CHARLOTTESVILLE, Va. -- Charlottesville High School reopened today after defiant students were sent home and the principal said some still were upset about racial fighting that had forced the school to close.
Thirty-five students were sent home when they refused to go to class and another 150 refused to attend an extended homeroom period to discuss the school's racial problems.
Black and white students fought Monday and Friday with the trouble blamed on remarks printed in the school newspaper.
Principal David Garrett said school opened at 9 a.m. with few incidents. Concerned white and black students, Charlottesville Mayor Frank Buck and other community leaders wore buttons that read 'I Care.'
'There was some tension of course but we had some community leaders here,' said Garrett. The student 'are still quite upset.'
Garrett said 'the majority' of the 1,400-member student body went to the extended home room meeting and then on to class.
Garrett said he read a statement over the public address system apologizing 'for the insensitivity of some of the statements' that appeared school newspaper Friday,' and said he would see it never happened again.
Officials closed the school about 11 a.m. Monday after fighting broke out among students and two large, racially divided crowds of students could not be dispersed. A turnstile in the school library was broken by a crowd of about 50 black students, Garrett said. A fight broke out, but resulted in no injuries.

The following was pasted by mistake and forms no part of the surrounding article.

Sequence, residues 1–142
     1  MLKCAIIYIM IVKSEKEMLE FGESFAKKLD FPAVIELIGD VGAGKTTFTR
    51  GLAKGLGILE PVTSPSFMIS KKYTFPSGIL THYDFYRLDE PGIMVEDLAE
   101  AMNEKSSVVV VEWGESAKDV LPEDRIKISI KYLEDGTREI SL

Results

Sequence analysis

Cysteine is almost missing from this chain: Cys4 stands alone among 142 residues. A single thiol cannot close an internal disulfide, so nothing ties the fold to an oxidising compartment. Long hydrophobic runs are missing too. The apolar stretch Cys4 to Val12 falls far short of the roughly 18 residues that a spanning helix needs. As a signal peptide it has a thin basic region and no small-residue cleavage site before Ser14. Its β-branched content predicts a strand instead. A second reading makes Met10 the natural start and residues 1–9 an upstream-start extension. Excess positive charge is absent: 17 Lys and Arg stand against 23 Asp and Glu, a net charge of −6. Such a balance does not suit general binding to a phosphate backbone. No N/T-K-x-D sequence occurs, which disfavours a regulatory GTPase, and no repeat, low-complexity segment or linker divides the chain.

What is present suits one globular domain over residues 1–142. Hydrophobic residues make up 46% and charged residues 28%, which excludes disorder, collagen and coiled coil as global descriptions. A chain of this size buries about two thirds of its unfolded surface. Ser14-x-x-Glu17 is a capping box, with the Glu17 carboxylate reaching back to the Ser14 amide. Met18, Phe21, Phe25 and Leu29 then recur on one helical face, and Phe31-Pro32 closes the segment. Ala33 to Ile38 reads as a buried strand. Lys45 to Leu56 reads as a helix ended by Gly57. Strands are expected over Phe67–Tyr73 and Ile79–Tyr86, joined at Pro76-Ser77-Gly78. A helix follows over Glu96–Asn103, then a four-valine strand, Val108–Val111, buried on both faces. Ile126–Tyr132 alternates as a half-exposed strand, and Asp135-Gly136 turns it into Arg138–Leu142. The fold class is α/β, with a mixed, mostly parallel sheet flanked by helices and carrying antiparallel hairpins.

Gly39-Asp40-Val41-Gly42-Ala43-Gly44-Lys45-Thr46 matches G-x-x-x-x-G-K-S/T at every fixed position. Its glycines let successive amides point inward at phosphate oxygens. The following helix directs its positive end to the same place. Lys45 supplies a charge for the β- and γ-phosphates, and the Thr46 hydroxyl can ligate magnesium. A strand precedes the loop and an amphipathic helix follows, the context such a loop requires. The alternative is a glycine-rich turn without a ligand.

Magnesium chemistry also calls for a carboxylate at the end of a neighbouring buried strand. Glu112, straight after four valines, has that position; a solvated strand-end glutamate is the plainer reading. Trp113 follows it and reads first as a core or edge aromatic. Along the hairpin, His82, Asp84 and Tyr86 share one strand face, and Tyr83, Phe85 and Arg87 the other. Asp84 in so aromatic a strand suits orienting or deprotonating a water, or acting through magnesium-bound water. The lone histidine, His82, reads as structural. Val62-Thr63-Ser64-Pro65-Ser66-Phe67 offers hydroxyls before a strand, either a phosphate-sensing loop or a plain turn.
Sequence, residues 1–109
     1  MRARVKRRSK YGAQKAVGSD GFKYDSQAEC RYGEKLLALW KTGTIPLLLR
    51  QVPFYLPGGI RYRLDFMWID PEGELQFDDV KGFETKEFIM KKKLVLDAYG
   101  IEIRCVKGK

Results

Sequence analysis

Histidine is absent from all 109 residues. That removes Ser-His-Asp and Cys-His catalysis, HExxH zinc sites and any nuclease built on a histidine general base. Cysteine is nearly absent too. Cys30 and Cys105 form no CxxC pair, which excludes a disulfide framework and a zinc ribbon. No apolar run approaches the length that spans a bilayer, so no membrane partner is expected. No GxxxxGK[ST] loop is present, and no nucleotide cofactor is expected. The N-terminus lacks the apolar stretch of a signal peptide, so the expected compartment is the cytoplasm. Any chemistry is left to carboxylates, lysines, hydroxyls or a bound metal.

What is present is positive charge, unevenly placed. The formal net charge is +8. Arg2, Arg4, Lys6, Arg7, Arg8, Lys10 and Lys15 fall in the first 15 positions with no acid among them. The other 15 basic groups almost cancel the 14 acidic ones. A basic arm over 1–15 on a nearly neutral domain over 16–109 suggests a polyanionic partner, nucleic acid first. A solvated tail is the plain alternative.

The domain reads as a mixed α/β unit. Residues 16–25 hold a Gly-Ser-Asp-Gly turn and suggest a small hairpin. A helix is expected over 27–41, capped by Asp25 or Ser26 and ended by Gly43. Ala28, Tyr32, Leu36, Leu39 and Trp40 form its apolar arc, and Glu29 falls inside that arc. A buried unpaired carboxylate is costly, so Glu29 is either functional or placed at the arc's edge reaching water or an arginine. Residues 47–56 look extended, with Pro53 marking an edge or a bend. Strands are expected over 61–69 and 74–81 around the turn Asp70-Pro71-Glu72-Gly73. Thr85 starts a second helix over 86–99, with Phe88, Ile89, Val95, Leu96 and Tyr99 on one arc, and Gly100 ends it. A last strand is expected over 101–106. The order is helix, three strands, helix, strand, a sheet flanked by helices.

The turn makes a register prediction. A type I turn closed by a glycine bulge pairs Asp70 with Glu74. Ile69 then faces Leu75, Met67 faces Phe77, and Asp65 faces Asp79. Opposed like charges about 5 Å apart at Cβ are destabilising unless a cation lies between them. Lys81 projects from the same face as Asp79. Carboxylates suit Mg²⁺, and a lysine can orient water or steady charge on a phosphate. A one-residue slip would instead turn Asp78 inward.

About 470 of the school's 1,369 students are black.
The tension -- and several fights -- began Friday when a story on the school's years of desegregation in the late 1960s appeared in the school paper, The Knight Time Review. The article not only reviewed the integration process but also contained racially inflammatory statements about blacks from unnamed students.
One quote, from an anonymous sophomore, said all that black students do in school 'is hang around the hall. They just come to get heat. They just mess around ... come to school 'cause they don't have nothing else to do ... they just come to smoke herb (marijuana) and all that stuff.'
The newspaper staff issued an apology for the article.
Garrett said the situation was aggravated Monday by painted slogans in the school parking lot that faculty members tried unsuccessfully to remove before students arrived.
One sign read, 'Niggers must die' while another read 'Seniors for White Supremacy.'